Written by Ivy
Feb 07 2023
In warm, arid climates, the Hong Kong orchid tree can be grown because it is such an impressive specimen. The flowers closely resemble orchids in both shape and color. French missionaries found a tree on Hong Kong's western coast, and it is now recognized as the island's official tree. Although they are deciduous and lose their leaves in the late winter before sprouting buds in the spring, these lovely tropical trees are frequently referred to as evergreens.
They have large, butterfly-shaped leaves and large, sturdy-looking blooms in rose pink and purple hues, occasionally with some white variegation. The blooms are double the size of other orchid tree flowers, measuring 6 inches across. The flowers of the hong kong orchid tree bloom from November through the end of March, when few trees are in bloom during the winter.
Root rot on your Hong Kong orchid tree (Bauhinia blakeana) can be fatal if untreated. As a result, if the symptoms manifest, we strongly suggest that you follow our instructions to keep your plant alive: Blackened and softened roots.
A particular fungus that frequently affects flowers and spreads quickly is known as gray mold spots. This fungus is most likely to blame if you see any brown (or gray) spots. These signs shouldn't be disregarded because doing so could lead to your plant's demise.
Once you understand the root of the issue, the solution is clear. Overwatering of the Bauhinia blakeana is the most common cause. Repotting your plant in a fresh container with sterile potting soil after removing the diseased roots and leaves and repairing any damage to the plant is something we strongly advise.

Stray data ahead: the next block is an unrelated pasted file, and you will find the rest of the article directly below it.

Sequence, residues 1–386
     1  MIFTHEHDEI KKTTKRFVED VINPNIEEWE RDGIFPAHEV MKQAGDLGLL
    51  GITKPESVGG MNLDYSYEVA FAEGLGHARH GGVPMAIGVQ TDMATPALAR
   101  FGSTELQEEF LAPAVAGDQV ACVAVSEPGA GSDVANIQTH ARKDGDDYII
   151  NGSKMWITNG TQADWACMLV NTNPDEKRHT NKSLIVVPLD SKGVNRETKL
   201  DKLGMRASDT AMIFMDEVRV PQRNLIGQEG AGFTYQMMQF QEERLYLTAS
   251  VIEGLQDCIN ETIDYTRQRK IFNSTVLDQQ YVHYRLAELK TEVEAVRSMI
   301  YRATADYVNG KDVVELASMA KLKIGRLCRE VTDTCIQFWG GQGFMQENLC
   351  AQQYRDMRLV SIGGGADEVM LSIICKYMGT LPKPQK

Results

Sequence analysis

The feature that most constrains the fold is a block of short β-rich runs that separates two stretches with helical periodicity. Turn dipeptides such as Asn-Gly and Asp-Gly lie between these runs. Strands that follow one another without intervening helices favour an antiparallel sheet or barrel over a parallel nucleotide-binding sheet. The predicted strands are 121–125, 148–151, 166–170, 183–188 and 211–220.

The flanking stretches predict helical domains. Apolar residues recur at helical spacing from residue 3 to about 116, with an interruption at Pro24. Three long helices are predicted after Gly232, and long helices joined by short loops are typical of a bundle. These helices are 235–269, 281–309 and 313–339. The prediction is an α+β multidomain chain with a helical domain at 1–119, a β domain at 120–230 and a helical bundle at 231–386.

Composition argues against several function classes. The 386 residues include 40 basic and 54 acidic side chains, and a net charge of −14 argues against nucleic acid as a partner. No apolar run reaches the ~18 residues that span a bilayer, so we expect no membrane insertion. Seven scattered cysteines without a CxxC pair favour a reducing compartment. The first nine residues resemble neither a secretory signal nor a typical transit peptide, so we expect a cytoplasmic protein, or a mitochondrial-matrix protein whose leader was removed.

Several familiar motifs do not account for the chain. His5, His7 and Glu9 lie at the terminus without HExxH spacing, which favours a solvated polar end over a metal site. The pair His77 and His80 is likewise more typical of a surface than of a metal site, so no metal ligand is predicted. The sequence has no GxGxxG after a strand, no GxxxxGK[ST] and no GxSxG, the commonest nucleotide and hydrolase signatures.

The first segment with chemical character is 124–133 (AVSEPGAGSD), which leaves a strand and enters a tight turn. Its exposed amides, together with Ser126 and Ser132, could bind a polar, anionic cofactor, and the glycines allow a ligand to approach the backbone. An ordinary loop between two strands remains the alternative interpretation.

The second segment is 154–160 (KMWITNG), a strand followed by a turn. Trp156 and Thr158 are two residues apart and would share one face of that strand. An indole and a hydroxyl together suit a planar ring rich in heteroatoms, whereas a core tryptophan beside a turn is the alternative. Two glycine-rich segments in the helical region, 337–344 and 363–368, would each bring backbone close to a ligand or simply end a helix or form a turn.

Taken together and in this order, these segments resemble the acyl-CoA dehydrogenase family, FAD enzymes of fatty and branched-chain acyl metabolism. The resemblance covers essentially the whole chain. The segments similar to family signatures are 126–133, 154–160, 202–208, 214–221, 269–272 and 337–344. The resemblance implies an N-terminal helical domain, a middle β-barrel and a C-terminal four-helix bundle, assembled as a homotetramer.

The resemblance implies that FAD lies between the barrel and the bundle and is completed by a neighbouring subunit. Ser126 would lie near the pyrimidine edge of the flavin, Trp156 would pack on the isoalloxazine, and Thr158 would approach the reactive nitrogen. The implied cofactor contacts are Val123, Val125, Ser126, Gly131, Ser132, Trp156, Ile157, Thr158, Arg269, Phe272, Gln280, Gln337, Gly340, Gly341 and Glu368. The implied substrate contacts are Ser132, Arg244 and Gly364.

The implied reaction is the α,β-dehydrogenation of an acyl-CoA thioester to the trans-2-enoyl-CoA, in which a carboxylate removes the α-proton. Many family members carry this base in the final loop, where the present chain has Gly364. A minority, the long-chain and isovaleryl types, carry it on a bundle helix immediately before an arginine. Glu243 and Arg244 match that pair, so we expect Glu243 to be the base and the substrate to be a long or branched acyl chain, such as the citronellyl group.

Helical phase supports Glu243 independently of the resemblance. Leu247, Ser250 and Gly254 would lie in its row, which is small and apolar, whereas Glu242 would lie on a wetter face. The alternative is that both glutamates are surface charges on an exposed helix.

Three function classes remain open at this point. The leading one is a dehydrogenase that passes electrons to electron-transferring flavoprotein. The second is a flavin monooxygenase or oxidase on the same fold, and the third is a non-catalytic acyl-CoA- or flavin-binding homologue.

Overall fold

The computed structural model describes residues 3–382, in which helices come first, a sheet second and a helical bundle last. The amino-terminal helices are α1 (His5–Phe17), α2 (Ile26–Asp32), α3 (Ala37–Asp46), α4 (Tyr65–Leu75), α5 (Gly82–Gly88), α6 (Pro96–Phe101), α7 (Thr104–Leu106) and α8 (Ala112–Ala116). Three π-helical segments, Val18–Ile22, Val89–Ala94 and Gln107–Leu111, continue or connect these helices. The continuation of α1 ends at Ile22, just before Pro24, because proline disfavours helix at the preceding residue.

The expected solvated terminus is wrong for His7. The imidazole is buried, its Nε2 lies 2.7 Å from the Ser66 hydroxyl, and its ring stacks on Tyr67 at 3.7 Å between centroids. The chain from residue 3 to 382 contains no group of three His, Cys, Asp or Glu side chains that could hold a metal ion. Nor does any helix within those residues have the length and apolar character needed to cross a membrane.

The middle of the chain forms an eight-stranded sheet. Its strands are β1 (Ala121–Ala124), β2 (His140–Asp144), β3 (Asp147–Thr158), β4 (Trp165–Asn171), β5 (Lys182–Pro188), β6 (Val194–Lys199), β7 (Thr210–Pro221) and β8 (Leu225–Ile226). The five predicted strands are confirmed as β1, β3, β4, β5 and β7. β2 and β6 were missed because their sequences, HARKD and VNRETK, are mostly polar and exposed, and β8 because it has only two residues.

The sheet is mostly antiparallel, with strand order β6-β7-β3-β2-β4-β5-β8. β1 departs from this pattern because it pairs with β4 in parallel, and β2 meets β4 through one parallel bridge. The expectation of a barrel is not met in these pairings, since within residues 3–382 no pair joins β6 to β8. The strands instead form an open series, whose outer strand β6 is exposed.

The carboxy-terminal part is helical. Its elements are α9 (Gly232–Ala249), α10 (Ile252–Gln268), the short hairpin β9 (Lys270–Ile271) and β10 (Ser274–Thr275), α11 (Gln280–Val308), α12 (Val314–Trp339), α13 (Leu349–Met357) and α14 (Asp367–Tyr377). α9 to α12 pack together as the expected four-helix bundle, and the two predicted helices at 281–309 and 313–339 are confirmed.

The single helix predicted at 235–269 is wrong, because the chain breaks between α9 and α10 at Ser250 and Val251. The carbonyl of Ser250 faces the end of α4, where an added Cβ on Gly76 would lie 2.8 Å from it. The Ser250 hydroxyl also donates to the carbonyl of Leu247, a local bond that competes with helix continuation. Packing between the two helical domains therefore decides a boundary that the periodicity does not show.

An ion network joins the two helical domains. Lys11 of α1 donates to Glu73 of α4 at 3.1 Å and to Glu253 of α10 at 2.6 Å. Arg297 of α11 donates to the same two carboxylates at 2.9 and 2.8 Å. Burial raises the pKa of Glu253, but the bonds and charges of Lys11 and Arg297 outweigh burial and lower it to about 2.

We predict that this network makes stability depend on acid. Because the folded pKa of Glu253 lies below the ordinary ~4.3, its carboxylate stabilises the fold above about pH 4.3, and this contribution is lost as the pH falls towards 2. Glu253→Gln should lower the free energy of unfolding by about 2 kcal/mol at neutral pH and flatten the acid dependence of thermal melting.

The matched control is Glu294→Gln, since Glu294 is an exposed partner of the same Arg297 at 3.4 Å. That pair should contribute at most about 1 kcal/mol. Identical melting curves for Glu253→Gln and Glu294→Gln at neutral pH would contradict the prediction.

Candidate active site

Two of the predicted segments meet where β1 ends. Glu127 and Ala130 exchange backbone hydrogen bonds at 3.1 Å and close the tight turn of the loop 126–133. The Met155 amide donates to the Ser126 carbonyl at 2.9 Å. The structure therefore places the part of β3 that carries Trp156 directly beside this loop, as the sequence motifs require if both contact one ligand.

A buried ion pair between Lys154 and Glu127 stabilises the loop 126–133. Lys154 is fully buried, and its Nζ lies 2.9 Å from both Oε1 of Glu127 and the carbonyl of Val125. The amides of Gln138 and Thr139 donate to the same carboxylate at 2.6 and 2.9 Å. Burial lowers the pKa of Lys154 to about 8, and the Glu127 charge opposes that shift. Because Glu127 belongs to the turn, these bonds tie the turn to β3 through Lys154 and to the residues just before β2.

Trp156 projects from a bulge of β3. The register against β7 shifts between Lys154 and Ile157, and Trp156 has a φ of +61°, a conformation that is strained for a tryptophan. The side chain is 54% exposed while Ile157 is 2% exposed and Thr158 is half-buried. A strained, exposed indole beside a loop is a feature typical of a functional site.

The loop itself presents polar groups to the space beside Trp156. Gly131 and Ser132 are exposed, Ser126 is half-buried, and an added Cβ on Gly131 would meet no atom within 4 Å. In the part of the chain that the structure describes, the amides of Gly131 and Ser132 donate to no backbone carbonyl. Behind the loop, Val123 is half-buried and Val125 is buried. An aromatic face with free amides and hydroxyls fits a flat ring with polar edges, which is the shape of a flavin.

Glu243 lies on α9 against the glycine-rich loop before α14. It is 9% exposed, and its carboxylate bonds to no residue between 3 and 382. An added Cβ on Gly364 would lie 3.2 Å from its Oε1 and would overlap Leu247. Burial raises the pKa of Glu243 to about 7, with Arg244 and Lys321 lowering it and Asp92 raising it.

One of the most frustrating diseases for hong kong orchid tree owners, we provide you with all the information you need to identify and save your plants when they exhibit symptoms like sudden color changes in the leaves or wilting/drooping.
Yellowing leaves are unquestionably the most frequent issue in horticulture. Overwatering and a lack of nutrition are the two main contributors to this issue.
When it's overwatering, simply reduce your watering frequency, and if you think it's a nutrient deficiency, here's how to check it:
Each deficiency produces a different yellowing on the Bauhinia blakeana in question, here's how to spot them:
You simply need to act in accordance with the symptoms listed above. You can fix a potassium or nitrogen deficiency by buying a special soil, and a gardening store consultant will be able to advise you on how to do that. You can also reduce how frequently you water your plants.
The presence of sunburn on your Bauhinia blakeana, a Hong Kong orchid tree, can be easily detected. In this case, your plant will change color, starting to turn yellow or white, just like it does on us.
The leaves of your Hong Kong orchid tree may also change color, as we saw above, if it gets too much water or not enough light.
Look at the area of the bottom that is tinted closer to the base to determine if the yellow leaves have been sunburned. If this portion remains greener, the yellow leaf is most likely burnt and not something else.
The typical sign that a plant has been overexposed to direct sunlight and sunburned is the development of browning leaves. Fortunately, your plant won't likely die as a result; however, its growth will be adversely affected.